Well, I guess we really did survive the Venice Flood of 2018!! It was described in the New York Times and other newspapers. We were kept warm and safe by our tour guide. We walked around St Mark's Square as you saw yesterday; had our lunch of pizza in the rising water and were back in our hotel by 1pm. High tide was about 2pm. Our hotel had been newly renovated against flooding; so like I said we were warm and safe!!
Today, the sun came out and the waters were calmer so we set out on our water taxi to two nearby islands.
The Island of Burano is known for its brightly colored fishermen's houses and its casual eateries serving seafood from the lagoon. No one was eating today though. All of the locals were busy pumping water from their homes, restaurants and other places of business and sweeping the flood water from the streets into the drains. It was so sad to see all of us tourists with no place to spend our money. We had reservations to eat lunch there but had to cancel.
The legend about the brightly colored houses is that, as in the olden days, basically everyone on the island was from the same family and so had the same name. So to distinguish them from each other, everyone painted their house a different color. Now of course, that tradition is set in stone so no one can change the color of their house. Another story is that the fishermen could pick out their house by its color and could see if their wife was working in the yard and around the house.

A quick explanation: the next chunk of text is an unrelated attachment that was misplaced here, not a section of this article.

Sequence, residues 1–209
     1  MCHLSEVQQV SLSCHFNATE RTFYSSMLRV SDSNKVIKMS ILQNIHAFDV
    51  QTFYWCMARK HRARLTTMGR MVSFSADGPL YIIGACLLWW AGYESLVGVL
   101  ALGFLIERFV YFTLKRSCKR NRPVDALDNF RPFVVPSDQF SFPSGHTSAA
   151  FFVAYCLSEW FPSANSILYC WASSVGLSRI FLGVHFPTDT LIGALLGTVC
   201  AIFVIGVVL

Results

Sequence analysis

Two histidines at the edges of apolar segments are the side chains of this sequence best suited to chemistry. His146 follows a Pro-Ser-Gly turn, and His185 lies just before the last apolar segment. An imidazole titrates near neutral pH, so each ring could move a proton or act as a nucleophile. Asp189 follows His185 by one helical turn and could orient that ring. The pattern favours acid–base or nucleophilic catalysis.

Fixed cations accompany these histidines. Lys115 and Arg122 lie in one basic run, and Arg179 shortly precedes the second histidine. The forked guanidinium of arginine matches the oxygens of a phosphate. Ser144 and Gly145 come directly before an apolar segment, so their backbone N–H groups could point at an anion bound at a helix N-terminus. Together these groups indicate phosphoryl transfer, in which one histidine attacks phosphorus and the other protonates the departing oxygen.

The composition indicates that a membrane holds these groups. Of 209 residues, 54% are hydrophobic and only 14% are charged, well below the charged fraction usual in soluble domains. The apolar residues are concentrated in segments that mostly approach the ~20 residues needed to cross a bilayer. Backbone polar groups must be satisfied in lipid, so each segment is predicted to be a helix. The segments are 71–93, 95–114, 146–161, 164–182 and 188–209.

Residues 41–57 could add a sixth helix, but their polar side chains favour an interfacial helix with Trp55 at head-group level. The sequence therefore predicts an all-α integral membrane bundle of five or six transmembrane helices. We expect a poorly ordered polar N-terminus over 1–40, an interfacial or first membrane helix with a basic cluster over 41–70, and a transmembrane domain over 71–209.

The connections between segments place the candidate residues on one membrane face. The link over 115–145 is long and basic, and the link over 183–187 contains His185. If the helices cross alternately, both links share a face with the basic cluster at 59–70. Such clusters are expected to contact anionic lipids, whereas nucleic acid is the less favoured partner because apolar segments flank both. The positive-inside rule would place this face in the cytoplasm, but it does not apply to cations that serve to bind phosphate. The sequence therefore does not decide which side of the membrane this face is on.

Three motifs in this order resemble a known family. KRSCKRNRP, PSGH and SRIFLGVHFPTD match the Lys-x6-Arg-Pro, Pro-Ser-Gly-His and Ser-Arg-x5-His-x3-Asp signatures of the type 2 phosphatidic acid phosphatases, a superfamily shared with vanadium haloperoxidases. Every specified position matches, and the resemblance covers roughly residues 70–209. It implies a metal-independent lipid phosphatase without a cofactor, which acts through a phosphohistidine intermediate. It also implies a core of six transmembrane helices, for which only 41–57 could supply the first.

With the men out fishing, the women developed their skill at lace making and shops sell lace products like linens and clothes. The also developed their own local butter cookie. You'll see the pictures.
The second island we visited was Torcello. It is very small with about 27 residents. Visitors come to visit the Basilica di Santa Maria Assunta, with its Venetian-Byzantine mosaics. Again we could not visit it because the area was still flooded. However we were able to eat lunch there after our tour guide called ahead and they said they could feed us. And it was a great lunch!! Oh, by the way, Torcella brags that 2000 years have passed since Attila, the Hun, stopped at their island in search of new conquests. In more recent times, a convalescent Ernest Hemingway walked the lanes lapped by the sea and drew inspiration for one of his most exciting novels. (They don't say which one). Hemingway must have loved to travel because he was everywhere; kind of like "Kilroy was here".
We then got back in our water taxi and sailed/floated/drove back to Venice; got on a bus and headed south to Ravenna. It took about 2 1/2 hours so we got a nice nap.
We arrived at the port of Ravenna and boarded our Grand Circle ship the Artemus!! We were supposed to board her in Venice, but again, the flood caused a change in plans. Grand Circle Tours always has a Plan B and even sometimes a Plan C!!
We'll see how tomorrow is. Ravenna is supposed to be beautiful!!